Product Strategy And Roadmap: Aha!

I have to be honest; I have never used a dedicated tool for managing product roadmaps and strategy. It was all just documents in Notion and visuals in Miro for me. However, if I did use such a tool, it would definitely be Aha!

It started as a simple roadmapping tool at first. However, the company took the all-in-one approach and the scope of use cases that Aha! is able to cover today is immense. Apart from product roadmaps, you also get:

  • Public feedback and feature request board that lets you collect the ideas of your users and learn about their needs.
  • Integrations with Intercom and Zendesk to collect and manage the user feedback that your customer support teams are getting.
  • Direct integration with Jira, Github, Bugzilla, and other tools lets you turn your roadmap items into actual tasks and start working on them.

Pitfalls of Using Aha!

Having this array of features is great. However, From my experience consulting startups and product teams, I would say that the most common pitfall for Aha! is that people use it as a product roadmapping tool and ignore its all-in-one nature. People are especially great at ignoring the strategy tab.

aha strategic vision
Source: Aha!

The strategy tab gives you a wide array of tools to produce and manage your high-level product strategy.

When to Use Aha!

Being an all-in-one tool, Aha! has an interesting superpower—it contains most of the information that the leadership team usually needs to make strategic decisions related to the features, vision, and use cases of the product.

Therefore, I would claim that Aha! is more of a strategic product management tool than a roadmapping one, and the best people to use it are the executives of mid-large software companies.

When to Use Something Else

One of the downsides of all-in-one tools is that they are jacks-of-all-trades and masters of none. So, if you want something more advanced related to a specific feature (let’s say, roadmaps), then Aha! would probably not be able to get it done.

Moreover, specialized roadmap tools also pay better attention to the visual and aesthetic side of the roadmaps you create and share with your product leaders, stakeholders, or the public. ProductPlan, for instance, has fantastic-looking roadmaps that are simply a delight to look at.

Source: ProductPlan

So, if it is roadmapping that you want to do and you don’t really care about the other features of Aha!, then you might consider opting for a specialized roadmapping tool instead.

Pro Tips for Customer Development, Design, And Collaboration Tools

Apart from focusing on the main tools in the arsenal of product people, let’s look at the common pitfalls of other tools that you will most likely end up using during your day-to-day work and see how you can get the most out of them.

Survey Tools: SurveyMonkey

This is one of the most popular tools for collecting customer feedback, doing market research, and learning about your target audience. However, many product managers use it wrong by ignoring its skip logic.

This logic lets you skip some of the items in your questionnaire based on the answers that users have given to previous questions—vastly shortening the time it takes for people to finish your survey.

While this tool is great, it has a limited list of the types of questions you can include in your survey, along with a bit of a clunky user experience. So, if you need your survey to excel at these two, consider using Typeform instead.

Collaboration Tools: Slack

Slack’s popularity is beyond comprehension. It has become the de-facto messaging tool and the digital headquarters for just about everyone in the digital world.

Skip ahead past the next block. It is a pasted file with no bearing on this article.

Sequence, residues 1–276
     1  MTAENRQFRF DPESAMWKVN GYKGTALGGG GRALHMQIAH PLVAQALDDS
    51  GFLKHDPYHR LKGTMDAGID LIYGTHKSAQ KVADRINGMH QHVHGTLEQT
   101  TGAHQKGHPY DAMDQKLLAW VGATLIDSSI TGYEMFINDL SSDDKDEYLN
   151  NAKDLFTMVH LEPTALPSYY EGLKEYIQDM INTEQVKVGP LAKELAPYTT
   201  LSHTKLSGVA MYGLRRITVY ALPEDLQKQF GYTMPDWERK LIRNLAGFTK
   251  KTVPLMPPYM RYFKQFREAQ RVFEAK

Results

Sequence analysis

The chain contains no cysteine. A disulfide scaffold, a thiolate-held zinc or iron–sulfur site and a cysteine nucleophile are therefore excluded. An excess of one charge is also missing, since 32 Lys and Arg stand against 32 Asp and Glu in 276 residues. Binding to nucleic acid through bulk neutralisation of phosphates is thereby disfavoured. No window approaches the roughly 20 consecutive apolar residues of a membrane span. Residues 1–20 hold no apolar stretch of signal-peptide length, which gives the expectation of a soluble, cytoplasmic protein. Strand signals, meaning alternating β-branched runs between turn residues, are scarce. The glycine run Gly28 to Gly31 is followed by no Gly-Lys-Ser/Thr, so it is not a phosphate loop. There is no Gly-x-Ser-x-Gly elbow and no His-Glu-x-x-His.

Despite its popularity, however, not everyone is taking advantage of all the capabilities of Slack. For instance, very few companies have turned on Slackbot to send reminders to teammates and do other automated tasks. Slackbot is quite powerful for taking care of mundane and mechanical communication work.

I really love Slack, but unfortunately, we had to let it go and switch to Mattermost in one of my companies because Slack was not able to provide an on-premise enterprise solution that my company could deploy on its own servers. So, if you are in a security-sensitive company, try an open-source and on-premise solution instead. 

Prototyping: Figma

I remember when different companies and teams used vastly different tools for designing, prototyping, and collaborating on user interfaces, flowcharts, whiteboards, and design docs. There was Sketch, InVision, Balsamiq, and many others. Heck, I even saw someone draw UI designs on Photoshop! (Please don’t do that.)

Today, however, everyone does it using Figma, and, just like Slack, it has become the dominant tool in the market.

One of the best features of Figma that people overlook, however, is its developer handover—letting engineers get all the necessary information they need from the design file without any hassles.

Despite its ability to cover everything related to design, though, it is yet another jack-of-all-trades and is unable to do the advanced prototyping that you can find in Axure RP or similar tools.

It’s Not The Tool That Makes The Difference’s the pair of hands and talented brains of the PM using them!

Don’t forget that tools are meant to automate your work and take the mundane tasks away from you. They will not be able to build great products and make unicorns out of them. It is only you—the product manager and your team—that have the superpower to achieve this task!

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By Suren Karapetyan

Suren Karapetyan, MBA, is a senior product manager focused on AI-driven SaaS products. He thrives in the fast-paced world of early stage startups and finds the product-market fit for them. His portfolio is quite diverse, ranging from background noise cancellation tools for work-from-home folks to customs clearance software for government agencies.